The Richmond, Nicholasville, Irvine & Beattyville Railroad (RNI&B, Riney-B) is a former railroad between Frankfort and Beattyville, Kentucky. In its original form, the RNI&B extended from Versailles and Irvine, Kentucky. It was acquired by another railroad in 1899 and extended to Beattyville and Airedale. Another acquisition extended the line west to Frankfort, giving the RNI&B a total of 110 miles.
The RNI&B was completed between Versailles and Irvine, a distance of 60¾ miles, in 1890. 1 It included grades of up to 1.7%, a 253-foot tunnel at Marble Creek, and two bridges of 570-feet and 770-feet. The line hauled two daily passenger trains daily in each direction. At its western terminus in Versailles, the RNI&B connected to the Louisville Southern.
The railroad was put into receivership on December 2, 1891, and sold under foreclosure in 1896. 1 It was later sold to the Louisville & Atlantic Railroad (L&A), incorporated for the sole purpose of taking over the RNI&B, on August 19, 1899.
A 34¾-mile extension of the L&A was completed between Irvine and Beattyville in November 1902. 1 The L&A then acquired the 6½-mile Beattyville & Cumberland Gap Railroad, which offered a connection to the Louisville & Eastern Railroad (L&E) at Airedale (Beattyville Junction). The L&A stretched for 101.1 miles.
Elsewhere, the Kentucky Highlands Railroad (KH) constructed a 6½-mile line between Frankfort and Millville in 1907-08. 1 The single track served the Old Crow and Old Taylor Distilleries.
The Louisville & Nashville Railroad (L&N) acquired the KH in 1909 and began work to extend the KH 9½ miles up Glenns Creek to Versailles. 1 The extension, which connected to the L&A, opened on May 1, 1911. Through trains were then scheduled to run from Beattyville west to Frankfort.
The L&N saw the L&A as a potential revenue source, as it had desired a route into the southeast Kentucky coalfields for years. 1 The L&N acquired the stocks and bonds of the L&A on July 1, 1909, and then purchased the L&E in November 1910. But both routes, which connected to Jackson, did not provide a low-grade alignment. The L&N constructed a 29-mile route from Irvine to Winchester, but costly slides and right-of-way composed of soapstone and blue clay caused considerable delay. 2 Extensive pilings had to be installed for the roadbed to remain stable, and two lengthy trestles had to be built. One bridge over the Red River at Sloan was 2,200-feet long and 233-feet high, and another over Howard Creek was 2,100-feet long and 225-feet high. The low-grade alignment was not finished until May 14, 1916.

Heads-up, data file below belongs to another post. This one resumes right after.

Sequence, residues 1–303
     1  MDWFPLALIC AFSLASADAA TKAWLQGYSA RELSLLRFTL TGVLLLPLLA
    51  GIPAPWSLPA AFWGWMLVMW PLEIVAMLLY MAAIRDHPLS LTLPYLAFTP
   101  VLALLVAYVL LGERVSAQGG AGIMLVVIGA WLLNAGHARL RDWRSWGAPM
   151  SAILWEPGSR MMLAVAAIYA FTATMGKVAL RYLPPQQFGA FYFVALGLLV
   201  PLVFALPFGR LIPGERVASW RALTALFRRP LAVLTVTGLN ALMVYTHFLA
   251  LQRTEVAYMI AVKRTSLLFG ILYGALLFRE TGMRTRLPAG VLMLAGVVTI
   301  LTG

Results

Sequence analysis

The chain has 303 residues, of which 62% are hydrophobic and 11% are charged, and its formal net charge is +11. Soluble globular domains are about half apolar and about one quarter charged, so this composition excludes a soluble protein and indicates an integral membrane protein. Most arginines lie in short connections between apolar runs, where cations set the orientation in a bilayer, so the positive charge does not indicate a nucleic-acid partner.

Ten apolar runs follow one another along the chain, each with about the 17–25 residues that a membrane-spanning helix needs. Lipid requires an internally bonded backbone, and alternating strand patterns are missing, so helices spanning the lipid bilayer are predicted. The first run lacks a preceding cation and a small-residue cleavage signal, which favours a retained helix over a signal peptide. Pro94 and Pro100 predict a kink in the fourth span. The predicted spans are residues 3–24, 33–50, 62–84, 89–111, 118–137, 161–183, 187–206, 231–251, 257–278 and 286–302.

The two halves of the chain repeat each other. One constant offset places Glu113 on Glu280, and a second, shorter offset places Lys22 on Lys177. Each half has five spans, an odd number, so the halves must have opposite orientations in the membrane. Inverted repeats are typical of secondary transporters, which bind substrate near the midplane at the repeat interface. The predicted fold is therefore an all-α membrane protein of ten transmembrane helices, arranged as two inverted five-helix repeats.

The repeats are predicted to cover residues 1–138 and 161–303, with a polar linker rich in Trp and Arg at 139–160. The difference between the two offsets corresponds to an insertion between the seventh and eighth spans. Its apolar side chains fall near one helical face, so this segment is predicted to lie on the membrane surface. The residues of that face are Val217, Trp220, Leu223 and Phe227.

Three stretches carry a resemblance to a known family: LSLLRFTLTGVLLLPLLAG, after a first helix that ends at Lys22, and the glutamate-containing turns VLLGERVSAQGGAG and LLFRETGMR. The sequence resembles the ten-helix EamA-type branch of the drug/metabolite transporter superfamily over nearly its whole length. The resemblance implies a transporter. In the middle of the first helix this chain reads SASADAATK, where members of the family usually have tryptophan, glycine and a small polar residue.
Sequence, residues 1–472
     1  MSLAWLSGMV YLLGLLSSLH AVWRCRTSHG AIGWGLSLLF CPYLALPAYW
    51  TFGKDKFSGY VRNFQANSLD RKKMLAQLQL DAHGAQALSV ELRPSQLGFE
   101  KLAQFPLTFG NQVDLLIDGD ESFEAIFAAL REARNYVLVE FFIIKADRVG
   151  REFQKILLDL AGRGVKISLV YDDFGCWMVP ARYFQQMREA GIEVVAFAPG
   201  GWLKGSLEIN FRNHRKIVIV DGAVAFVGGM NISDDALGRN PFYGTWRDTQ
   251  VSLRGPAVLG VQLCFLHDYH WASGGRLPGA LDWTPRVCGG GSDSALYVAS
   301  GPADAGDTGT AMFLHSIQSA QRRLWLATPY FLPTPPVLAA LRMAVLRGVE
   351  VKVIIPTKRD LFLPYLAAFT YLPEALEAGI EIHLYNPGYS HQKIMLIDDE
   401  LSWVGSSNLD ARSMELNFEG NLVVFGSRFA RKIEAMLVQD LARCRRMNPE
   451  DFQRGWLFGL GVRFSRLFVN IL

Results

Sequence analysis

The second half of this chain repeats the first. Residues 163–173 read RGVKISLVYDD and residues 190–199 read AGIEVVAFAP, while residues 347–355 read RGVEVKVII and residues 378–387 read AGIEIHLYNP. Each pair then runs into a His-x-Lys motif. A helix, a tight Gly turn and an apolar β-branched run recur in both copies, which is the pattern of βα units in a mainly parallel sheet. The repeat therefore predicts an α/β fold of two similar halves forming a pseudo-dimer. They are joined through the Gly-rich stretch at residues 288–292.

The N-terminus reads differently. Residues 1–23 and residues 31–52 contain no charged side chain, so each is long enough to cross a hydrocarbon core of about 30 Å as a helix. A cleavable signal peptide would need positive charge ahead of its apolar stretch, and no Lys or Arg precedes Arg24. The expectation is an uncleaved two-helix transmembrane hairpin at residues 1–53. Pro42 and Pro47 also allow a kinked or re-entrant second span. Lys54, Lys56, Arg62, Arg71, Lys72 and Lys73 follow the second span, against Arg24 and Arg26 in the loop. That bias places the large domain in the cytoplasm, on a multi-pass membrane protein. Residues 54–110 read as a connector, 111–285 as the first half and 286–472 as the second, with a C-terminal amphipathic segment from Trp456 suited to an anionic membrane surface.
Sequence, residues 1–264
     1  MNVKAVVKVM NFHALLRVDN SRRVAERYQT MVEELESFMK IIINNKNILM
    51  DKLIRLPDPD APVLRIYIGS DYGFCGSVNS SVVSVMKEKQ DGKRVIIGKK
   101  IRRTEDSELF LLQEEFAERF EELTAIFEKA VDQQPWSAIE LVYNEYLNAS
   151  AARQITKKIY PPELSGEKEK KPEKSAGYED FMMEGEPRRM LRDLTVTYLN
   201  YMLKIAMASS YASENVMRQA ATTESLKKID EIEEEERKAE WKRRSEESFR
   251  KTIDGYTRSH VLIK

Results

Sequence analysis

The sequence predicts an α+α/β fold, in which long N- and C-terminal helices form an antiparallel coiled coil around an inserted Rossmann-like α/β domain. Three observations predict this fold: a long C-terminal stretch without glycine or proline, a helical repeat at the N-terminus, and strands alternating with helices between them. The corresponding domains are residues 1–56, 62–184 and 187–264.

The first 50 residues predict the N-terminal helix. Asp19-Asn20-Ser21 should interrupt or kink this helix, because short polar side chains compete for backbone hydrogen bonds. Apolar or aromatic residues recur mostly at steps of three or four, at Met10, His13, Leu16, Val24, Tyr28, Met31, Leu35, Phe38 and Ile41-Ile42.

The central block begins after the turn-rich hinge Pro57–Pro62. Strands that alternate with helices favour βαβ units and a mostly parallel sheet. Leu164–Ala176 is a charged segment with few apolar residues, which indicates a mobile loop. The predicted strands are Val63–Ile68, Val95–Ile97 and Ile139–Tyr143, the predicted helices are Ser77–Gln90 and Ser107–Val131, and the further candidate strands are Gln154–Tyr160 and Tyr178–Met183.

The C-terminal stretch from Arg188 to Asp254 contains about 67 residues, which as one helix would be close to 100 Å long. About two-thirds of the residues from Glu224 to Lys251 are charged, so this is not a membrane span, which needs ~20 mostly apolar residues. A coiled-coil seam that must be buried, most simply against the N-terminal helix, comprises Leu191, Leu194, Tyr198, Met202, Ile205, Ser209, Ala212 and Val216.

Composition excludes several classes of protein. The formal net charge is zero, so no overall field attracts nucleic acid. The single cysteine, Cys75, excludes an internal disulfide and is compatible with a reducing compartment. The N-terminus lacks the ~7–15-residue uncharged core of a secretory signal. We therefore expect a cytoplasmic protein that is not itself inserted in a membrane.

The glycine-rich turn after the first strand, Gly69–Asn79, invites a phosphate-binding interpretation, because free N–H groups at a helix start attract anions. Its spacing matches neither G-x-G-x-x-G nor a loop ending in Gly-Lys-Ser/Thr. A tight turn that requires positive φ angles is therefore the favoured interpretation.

The L&N built a yard at Irvine, a five-mile connection between Maloney’s Bend to Tallega east of Beattyville, and a second track between Paris and Winchester. 2 Afterwards, the L&N only used a part of the L&A from Irvine to Beattyville. The former L&A between Frankfort and Irvine saw much of its traffic dry up, and the section from Millville to Irvine was abandoned on September 30, 1932. The section between the Old Crow Distillery and Old Taylor Distillery, and Cliffside, just outside of Frankfort, was retained until circa 1995.
In early 1942, the dormant Kentucky River bridge at Valley View for the RNI&B was demolished. 3 Another at Irvine was taken down on November 17. 1 Both were taken down for metal to assist the World War II scrap metal drive effort.
A branch line was built by the Kentucky Coal Development Company between March 1907 and January 1908 from Heidelberg to Ida May via Sturgeon Creek. 1 The three mile line was acquired by the L&A on November 1, 1909, and became part of the L&N in 1910. The spur provided a connection to the Kentucky, Rockcastle & Cumberland Railroad. A lack of traffic on the branch caused it to be discontinued on April 13, 1935.
- Sulzer, Elmer G. “The Riney-B.” Ghost Railroads of Kentucky. Bloomington: Indiana University Press, 1998. 33-42. Print.
- Klein, Maury. “Gotterdammerung: The Close of an Era, 1902-1921.” History of the Louisville & Nashville Railroad. Lexington: University Press of Kentucky, 2003. 401-04. Print.